All you gotta do is ask pal!

Frequent visitors to this blog (and thanks for doing so by the way!) know we have 2 kids.  The Math Major is 20, a Jr at Western WA University, and pretty damn self-sufficient.  I just let him know to shout if he needs something, and occasionally we’ll go up to take him to dinner, but otherwise, I want him to enjoy college like I did!  (Well maybe not EXACTLY like I did!)

image The Manchild, is the younger of the 2, 15 and a sophomore in high school.  He lives with his mom about 30 miles away.  On normal weeks, I go down every Tuesday to have dinner with him (tonight its with Grandma!) and then he is with us every other weekend.  I pick him up after work on Friday, and take him south after dinner Sunday.

This weekend was a little different.

First off, I should explain my thoughts on kid visitation.  I have heard many a story from friends and co-workers about how kid visits work.  There is a set pick up time, a set drop off time, neither person will budge without a fight.  “Dammit I get the kid till 5 PM, NO I will not bring him home early to see the visiting Great Aunt Gertrude!”  I just sit there and shake my head.

I’ve also met many people who HATED visiting one parent or another.  Shoot, even I wasn’t all that partial to it.  I had my room and my stuff and I liked it there.  Loved my dad and got along great, just wasn’t big on the visits.  Other people I know flat fought tooth and nail not to have to go!  Not a good thing.  It can lead to bitter feelings long into adulthood.

I have a different rule.  The kid has to WANT to be here.  Now with Manchild there is no question,  He and I get along great, and even when I have to chew his ass (and I do it well) we get over it quickly.  More importantly, he truly loves and adores Michelle (Maybe even more than he does me 🙂  )  The kid likes it up here.

When he shows, up, he sets up a mini-mancave in the dining room.  It’s around the corner from the little sitting nook Michelle and I spent most of our time in at home.  He’s close enough to hear us and talk ti us, but also has privacy and his own space.  Works out well!

Well here is where this weekend was a bit different.  Remember the weather last week?

image

Well this weekend was the complete opposite!  It was 70 and sunny!  On Sunday afternoon, Manchild was HELLAgrouchy!  He is not like me, cold and callous and able to hide stuff like that.  When he is mad, or unhappy, its easy to see.

Long and short, Sunday could very well have been the last good longboarding (skateboard) day of the year.  And he hadn’t brought it north since we were expecting weather more like the picture above than what we got.  He also suffers from serious guilt! (no idea where that came from, we aren’t catholic, and I never have that problem.)  He didn’t want to ask to go home early, as he didn’t ant us to think he didn’t want to be there.  But if we went home after dinner, it would get dark to soon to skate.  So he decided to stew and be grouchy.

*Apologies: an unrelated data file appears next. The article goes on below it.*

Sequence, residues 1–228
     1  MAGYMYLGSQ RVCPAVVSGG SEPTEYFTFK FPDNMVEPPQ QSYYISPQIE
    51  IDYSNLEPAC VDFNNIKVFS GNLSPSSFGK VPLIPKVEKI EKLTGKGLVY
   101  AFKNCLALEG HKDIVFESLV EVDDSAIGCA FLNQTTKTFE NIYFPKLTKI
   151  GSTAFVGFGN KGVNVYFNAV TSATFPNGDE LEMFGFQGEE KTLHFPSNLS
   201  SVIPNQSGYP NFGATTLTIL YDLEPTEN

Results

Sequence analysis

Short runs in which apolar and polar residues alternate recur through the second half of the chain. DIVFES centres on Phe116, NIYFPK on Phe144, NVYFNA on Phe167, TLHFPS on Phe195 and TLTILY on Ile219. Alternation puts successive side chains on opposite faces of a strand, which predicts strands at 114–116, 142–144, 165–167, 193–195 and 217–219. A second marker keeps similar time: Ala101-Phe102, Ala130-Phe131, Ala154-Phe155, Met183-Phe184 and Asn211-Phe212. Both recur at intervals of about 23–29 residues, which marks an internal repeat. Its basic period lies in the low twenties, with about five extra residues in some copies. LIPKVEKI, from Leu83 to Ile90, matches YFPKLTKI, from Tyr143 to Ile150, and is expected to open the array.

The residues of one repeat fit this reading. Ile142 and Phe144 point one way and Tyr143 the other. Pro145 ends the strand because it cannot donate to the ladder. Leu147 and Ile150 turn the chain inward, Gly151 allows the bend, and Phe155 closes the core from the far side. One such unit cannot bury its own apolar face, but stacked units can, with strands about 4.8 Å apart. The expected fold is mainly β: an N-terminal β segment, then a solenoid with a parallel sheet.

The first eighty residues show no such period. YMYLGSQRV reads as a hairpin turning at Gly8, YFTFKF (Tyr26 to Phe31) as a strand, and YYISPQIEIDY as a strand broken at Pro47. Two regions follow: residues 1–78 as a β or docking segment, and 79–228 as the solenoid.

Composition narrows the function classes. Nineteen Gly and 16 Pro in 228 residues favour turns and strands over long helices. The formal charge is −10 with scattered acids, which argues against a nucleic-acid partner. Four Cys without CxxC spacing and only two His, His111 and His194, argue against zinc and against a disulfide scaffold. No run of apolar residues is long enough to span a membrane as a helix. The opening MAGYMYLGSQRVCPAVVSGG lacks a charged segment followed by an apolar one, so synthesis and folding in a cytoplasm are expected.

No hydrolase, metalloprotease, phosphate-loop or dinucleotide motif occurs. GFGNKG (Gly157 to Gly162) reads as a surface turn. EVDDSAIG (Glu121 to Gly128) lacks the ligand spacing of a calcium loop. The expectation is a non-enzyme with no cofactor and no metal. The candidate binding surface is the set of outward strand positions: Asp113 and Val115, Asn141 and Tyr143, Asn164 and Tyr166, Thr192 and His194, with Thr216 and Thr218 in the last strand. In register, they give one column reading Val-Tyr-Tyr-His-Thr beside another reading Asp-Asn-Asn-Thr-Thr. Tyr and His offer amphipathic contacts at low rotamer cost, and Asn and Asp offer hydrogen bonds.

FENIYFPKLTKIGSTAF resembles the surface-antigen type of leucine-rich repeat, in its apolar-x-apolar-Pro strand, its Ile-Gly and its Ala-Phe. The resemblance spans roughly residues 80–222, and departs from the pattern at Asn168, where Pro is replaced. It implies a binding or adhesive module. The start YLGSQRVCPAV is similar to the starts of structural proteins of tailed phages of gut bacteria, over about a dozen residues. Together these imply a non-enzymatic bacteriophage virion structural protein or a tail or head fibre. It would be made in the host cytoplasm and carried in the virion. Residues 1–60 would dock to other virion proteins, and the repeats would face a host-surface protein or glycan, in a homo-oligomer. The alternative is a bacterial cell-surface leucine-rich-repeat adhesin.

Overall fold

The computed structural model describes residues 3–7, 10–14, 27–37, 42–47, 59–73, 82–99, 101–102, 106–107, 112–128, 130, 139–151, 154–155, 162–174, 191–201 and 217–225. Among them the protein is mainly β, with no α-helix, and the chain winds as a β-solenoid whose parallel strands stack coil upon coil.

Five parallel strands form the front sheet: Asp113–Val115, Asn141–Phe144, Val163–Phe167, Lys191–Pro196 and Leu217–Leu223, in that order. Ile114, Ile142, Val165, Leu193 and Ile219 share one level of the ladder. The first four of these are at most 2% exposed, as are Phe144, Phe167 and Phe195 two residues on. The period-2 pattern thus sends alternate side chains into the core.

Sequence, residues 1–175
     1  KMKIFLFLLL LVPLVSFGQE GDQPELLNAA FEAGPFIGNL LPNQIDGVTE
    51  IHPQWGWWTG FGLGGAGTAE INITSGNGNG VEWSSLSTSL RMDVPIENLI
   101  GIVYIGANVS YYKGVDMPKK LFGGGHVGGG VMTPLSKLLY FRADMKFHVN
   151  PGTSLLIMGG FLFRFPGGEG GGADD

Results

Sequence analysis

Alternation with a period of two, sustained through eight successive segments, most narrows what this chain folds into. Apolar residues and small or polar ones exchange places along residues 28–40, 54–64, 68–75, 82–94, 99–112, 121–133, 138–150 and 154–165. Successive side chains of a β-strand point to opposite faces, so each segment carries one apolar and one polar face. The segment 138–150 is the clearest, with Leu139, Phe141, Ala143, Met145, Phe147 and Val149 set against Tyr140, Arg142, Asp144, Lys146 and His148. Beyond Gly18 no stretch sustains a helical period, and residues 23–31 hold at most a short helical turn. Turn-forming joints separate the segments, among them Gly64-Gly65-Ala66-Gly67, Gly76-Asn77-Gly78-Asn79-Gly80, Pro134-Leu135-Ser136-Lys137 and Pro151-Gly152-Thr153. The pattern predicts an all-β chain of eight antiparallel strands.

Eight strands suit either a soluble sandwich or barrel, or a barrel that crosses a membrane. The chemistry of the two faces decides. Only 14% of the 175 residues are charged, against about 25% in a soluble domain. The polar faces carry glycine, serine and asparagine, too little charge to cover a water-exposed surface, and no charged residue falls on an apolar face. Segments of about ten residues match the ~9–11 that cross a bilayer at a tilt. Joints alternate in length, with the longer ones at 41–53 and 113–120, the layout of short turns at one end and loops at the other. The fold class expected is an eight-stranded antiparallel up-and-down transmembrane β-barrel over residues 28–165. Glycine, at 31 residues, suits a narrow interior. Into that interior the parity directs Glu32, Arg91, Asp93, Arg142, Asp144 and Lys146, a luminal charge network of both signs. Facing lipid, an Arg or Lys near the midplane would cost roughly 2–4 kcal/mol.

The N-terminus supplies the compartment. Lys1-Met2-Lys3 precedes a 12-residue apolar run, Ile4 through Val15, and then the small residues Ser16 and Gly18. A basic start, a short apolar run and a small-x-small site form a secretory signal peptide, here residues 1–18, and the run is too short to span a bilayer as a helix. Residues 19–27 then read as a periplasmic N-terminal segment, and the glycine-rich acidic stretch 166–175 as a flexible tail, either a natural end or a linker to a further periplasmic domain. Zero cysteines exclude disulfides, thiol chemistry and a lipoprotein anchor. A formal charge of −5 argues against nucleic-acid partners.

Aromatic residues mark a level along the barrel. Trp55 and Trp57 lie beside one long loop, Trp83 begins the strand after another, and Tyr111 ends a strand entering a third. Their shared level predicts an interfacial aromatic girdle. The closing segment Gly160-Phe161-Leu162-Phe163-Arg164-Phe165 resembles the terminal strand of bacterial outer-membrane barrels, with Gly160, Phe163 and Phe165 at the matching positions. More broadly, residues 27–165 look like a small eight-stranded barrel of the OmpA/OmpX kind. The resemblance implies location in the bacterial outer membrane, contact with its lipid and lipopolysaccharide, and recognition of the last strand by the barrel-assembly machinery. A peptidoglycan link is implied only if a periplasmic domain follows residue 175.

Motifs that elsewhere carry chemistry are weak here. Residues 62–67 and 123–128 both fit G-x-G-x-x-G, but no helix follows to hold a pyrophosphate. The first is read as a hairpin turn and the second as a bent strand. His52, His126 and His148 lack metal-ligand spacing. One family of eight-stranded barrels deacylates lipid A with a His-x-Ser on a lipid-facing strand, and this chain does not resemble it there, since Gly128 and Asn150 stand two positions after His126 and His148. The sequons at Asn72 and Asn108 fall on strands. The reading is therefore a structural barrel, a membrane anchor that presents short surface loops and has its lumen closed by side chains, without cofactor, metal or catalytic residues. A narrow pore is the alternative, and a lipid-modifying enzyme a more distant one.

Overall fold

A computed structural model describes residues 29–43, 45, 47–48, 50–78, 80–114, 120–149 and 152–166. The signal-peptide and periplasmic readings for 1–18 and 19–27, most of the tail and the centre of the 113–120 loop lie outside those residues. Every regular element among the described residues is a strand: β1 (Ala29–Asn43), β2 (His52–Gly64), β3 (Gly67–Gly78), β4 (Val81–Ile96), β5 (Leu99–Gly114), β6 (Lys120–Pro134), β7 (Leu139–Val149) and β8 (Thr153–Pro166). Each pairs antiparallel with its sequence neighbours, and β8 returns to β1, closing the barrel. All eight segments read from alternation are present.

As soon as we figured it out, I told him “Saddle up” time to head home.  And this demonstrates how I think this should work.  It’s not that he didn’t want to be here, he just truly wanted to be out on the board, with fresh air, and enjoying the last nice day!

image

 

We were on the road and I had him home before 3 and I am sure he was on the board at 3:05.  I texted him today to see how skateboarding was yesterday, and the response? “Freaking Amazing!”

So yep, if I was one of those that thought “I have a drop off time and no way no how will I be there early.”  I coulda spent an afternoon with one sad kid.

Instead, I saw the kid wanted to get outside, be in the sun, feel the wind in his face, and enjoy life!  No true cyclist or decent dad could or should deny a kid that!  He had a great day and a half with us, and ended it on sunny Sunday in October bombing down the hills of Federal Way.  Something he will remember for quite a while.

Like I told him, there are many times my schedule means I have to switch weekends, and he has to work around me, why can’t I work around him?  All you gotta do is ask pal!

 

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4 Responses to All you gotta do is ask pal!

  1. Awesome post, that’s why you’re a great Dad.

  2. It’s good to teach kids how to articulate what they are feeling; how else are they supposed to learn to communicate? Kudos to you for your supportive instruction to your son.

    • Thank you very much! One thing I’ve always tried is to talk to them instead of down to them even as little ones. The mathmajor was holding conversations with adults very early on. Manchild is coming into his own now, and has matured a lot in the last year. It would just be nice if there were an instruction manual…..

      • You are doing fine, you don’t need an instruction manual. We must teach kids the words they need, can’t expect them to know unless we help. Simply give a child words to identify and define what they are feeling, then encourage them to say it in a straightforward manner, no drama. You modelled emotional understanding AND emotional maturity for your son, which was well-done.

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